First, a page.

The Miami Book Fair and Sosyete Koukouy are presenting Taptap Krik? Krak! Books and Music for Families on Sunday, May 30 for the finale of the Little Haiti Book Festival. We’re thrilled to welcome oral storytellers Muriel Johnson, Jude Joseph, Charlot Lucien, and Paula C. Pean. We’ll also be exploring new books with Angie Bell, Tico Armand, Danielle Joseph, OliGa, and Imane Kernizan. 

Many Caribbean stories represent a welcomed pause from realism, a chance to give in to and briefly live in the fantastical. Legends continue to proliferate, with creatures such as the morphoisé or mofwasé (from the word “metamorphose”) who shed their human skin to turn into wild dogs, or the antikri (the “antichrist” or Devil) who takes the form of a bat to suck on human blood. The baclou and the maskilili, both specific to Guyana, grant wishes in exchange for sacrifices. The ti Sapoti are tricksters who look like elves and scream in the night. The boundaries between human and animal are crossed with longing—each still separate, still human and animal. There is an embodiment, but also a shared experience between the everyday and these otherworldly beings. In Haiti, the zombie is understood as a man or woman who comes back from the dead but has lost their “bon zanj,” or “core identity.” 

Though Caribbean stories consistently touch on dark themes such as death and deception, the genre also deploys magical realism and is full of color and light. The oral literature often swarms with pawòl vwe (Word-Truth)—tales that create a portrait of the islands with their history of slavery and their social differences, while retaining the exuberance of storytellers of yesteryears. Full of the unbelievable and the ordinary, the funny and the heartbreaking, the stories pack a great deal into a relatively small number of pages.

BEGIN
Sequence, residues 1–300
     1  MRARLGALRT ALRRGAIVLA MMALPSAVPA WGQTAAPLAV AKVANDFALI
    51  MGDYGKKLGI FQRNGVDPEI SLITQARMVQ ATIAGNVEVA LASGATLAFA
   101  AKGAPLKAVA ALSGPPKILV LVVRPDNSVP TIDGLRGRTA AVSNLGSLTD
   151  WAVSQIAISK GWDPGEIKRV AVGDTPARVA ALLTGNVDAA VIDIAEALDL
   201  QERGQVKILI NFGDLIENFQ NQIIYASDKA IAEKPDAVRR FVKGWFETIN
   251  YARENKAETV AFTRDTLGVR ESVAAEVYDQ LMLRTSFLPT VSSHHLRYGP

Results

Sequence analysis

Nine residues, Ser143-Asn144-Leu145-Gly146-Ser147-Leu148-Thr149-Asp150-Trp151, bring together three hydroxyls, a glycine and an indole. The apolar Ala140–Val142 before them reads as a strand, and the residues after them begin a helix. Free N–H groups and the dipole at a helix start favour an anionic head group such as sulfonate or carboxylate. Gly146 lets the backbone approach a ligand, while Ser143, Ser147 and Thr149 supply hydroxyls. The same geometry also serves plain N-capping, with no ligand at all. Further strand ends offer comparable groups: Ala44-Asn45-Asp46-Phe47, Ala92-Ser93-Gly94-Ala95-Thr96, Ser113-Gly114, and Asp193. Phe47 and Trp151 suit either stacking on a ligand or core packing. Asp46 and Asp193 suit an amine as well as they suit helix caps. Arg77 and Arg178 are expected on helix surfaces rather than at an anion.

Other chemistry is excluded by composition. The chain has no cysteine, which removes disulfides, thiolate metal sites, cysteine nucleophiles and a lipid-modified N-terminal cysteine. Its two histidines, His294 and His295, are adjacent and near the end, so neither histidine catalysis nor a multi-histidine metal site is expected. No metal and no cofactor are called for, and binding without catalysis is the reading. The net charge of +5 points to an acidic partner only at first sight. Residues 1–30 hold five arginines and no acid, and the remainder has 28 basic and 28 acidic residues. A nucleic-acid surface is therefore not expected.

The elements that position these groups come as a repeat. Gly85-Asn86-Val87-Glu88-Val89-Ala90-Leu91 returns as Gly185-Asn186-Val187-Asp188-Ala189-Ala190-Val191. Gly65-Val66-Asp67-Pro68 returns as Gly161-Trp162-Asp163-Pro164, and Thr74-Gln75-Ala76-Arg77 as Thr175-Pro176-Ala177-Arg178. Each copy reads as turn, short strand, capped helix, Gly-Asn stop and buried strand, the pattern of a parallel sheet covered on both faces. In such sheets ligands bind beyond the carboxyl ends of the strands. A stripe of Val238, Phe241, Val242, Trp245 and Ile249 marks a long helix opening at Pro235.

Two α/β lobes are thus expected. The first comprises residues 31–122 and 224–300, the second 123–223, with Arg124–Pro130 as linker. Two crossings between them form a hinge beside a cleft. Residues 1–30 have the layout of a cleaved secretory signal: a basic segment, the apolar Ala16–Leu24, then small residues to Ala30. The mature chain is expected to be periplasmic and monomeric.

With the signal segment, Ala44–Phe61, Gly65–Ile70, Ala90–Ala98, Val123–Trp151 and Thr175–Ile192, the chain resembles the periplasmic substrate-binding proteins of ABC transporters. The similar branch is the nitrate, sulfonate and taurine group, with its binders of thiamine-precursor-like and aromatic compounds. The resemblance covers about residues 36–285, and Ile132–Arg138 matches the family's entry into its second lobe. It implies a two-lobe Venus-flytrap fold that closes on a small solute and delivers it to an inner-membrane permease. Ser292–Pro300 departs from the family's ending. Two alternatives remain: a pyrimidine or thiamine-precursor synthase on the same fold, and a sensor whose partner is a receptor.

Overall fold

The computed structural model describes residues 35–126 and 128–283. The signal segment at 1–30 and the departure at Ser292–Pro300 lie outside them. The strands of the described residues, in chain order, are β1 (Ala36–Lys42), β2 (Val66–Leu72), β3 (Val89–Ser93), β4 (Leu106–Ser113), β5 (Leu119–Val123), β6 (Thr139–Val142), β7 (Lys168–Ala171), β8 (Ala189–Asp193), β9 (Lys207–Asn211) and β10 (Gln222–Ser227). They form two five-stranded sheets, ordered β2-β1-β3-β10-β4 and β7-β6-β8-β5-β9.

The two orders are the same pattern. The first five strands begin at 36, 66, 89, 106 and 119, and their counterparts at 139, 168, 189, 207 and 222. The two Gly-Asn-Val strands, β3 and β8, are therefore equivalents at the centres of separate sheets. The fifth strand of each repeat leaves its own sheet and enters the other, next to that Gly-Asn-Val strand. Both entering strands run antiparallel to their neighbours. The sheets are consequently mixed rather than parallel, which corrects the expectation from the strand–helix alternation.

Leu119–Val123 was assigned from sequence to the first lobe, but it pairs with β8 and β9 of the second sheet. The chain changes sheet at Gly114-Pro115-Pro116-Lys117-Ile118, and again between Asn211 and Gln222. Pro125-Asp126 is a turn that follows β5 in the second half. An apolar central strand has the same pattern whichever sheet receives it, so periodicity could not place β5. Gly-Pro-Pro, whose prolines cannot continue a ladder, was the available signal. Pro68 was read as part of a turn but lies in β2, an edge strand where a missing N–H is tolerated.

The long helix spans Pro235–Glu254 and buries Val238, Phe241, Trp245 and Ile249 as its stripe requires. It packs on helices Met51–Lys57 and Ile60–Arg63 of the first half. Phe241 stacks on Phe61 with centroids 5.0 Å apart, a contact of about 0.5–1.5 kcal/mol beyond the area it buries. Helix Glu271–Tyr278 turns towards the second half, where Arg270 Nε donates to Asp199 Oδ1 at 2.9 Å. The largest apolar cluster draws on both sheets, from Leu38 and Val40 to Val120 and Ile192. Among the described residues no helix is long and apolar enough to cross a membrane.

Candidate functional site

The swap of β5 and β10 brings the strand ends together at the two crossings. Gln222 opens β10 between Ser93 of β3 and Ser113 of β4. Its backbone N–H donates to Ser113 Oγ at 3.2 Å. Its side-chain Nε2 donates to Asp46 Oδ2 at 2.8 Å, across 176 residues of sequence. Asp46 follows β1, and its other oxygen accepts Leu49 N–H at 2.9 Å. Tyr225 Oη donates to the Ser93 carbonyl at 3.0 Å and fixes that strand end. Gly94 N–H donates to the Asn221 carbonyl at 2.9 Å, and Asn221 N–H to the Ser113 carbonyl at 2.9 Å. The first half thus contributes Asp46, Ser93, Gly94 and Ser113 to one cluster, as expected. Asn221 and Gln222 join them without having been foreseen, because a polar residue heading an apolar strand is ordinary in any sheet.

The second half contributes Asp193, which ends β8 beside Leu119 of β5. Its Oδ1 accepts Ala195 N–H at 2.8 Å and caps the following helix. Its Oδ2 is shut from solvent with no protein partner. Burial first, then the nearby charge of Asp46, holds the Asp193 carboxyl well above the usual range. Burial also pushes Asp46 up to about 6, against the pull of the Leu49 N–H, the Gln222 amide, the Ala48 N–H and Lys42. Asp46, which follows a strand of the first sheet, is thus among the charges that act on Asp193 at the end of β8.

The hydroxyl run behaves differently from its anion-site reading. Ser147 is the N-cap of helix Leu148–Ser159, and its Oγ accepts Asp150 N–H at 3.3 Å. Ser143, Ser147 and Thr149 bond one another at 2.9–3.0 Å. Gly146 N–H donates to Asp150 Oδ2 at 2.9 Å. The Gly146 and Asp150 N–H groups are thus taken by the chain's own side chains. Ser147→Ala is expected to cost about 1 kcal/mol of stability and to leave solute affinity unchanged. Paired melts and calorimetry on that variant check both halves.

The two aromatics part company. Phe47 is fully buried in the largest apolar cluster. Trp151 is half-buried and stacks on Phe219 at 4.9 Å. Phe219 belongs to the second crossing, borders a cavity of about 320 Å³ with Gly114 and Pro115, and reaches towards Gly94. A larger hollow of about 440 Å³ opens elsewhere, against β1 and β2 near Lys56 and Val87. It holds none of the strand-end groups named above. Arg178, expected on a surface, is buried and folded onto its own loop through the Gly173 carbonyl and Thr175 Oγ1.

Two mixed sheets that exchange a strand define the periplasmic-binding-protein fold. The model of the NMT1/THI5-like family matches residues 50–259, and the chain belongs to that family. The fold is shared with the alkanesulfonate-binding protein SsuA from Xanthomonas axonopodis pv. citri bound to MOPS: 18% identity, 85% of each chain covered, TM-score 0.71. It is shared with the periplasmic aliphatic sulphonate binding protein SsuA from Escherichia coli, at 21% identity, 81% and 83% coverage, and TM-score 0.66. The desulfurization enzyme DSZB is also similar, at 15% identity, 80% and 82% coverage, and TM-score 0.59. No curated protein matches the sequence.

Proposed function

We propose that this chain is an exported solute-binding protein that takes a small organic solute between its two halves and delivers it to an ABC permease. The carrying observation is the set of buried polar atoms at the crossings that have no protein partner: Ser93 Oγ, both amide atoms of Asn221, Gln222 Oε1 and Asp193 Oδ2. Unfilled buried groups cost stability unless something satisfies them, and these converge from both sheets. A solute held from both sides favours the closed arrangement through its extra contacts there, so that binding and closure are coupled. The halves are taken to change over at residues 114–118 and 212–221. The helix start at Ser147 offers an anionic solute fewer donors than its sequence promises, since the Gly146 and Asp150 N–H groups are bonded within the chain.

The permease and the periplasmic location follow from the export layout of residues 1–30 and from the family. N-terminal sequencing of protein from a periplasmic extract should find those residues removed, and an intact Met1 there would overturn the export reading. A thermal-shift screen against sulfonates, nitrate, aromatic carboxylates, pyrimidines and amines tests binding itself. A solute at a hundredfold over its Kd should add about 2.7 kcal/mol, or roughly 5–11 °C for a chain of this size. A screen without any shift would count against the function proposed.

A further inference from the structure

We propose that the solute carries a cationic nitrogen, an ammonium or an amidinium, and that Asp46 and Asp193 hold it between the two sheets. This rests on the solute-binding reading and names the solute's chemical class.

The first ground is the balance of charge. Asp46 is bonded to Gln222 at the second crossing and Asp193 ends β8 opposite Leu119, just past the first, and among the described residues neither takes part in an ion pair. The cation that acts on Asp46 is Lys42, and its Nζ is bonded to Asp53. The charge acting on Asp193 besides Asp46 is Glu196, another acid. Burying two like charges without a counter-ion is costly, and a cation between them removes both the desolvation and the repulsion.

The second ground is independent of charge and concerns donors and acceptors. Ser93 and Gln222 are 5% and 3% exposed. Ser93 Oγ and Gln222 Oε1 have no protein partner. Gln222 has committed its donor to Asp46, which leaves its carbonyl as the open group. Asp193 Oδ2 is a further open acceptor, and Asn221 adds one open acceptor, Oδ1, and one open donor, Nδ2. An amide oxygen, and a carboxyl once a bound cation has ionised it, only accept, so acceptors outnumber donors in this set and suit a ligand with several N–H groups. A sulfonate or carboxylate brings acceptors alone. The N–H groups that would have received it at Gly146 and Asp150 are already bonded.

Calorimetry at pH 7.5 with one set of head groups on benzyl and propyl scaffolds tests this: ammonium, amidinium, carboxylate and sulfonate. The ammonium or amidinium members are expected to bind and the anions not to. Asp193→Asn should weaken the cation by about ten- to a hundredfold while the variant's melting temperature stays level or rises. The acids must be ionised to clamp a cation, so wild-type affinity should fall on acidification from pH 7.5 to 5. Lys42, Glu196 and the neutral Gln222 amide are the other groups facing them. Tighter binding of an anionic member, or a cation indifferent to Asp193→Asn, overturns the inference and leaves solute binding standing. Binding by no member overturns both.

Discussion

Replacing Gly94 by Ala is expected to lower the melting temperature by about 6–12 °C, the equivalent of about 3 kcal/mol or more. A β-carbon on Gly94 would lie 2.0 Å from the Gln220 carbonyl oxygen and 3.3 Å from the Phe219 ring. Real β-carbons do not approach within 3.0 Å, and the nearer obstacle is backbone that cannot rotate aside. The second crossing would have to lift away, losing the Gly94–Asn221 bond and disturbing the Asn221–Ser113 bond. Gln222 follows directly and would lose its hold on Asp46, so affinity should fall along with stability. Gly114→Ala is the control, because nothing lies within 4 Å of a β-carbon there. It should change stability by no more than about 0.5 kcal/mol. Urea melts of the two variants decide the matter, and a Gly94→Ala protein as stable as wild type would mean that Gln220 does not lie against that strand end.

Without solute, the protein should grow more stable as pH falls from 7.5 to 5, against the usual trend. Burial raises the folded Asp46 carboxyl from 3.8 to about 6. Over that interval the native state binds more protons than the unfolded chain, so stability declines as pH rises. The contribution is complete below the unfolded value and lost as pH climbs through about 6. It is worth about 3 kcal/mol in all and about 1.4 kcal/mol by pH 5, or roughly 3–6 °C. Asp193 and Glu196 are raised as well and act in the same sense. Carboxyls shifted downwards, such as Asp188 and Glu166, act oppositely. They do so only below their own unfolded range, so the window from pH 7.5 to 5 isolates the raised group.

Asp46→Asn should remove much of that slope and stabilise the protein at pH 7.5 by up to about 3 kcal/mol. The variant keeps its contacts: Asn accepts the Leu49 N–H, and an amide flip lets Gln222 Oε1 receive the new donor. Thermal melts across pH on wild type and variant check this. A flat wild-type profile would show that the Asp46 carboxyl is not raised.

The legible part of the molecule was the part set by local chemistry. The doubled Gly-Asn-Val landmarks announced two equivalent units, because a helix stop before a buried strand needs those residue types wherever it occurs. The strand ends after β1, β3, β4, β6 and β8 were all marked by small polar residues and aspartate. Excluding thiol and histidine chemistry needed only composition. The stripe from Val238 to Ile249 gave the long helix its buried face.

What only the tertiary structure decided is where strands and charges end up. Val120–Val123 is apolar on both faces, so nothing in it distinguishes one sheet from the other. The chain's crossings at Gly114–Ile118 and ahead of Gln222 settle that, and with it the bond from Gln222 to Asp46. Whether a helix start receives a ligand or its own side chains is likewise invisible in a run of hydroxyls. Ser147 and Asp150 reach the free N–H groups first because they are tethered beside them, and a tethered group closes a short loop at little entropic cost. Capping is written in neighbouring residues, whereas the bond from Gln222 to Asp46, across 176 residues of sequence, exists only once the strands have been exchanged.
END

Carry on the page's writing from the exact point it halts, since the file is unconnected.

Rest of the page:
Whether laughing or flinching, Caribbean people understand the importance of such tales as well as the need to allow them to live on by retelling them and exploring these stories from new angles. When you dive into Caribbean myth, you might give yourself over to words and worlds you’ve touched before—but you feel renewed every single time.

Taptap Krik? Krak! Books and Music for Families takes place on Sunday, May 30, and you can register in advance on Miami Book Fair’s website. You can revisit The New Tropic’s past coverage of this year’s Little Haiti Book Festival Online and its explorations of Haitian Carnival, Creole, and the fallout of social media at the respective links above.

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🗣 Attend Tech Talk at The Underline and learn from experts discussing the convergence of technology and public spaces (Brickell)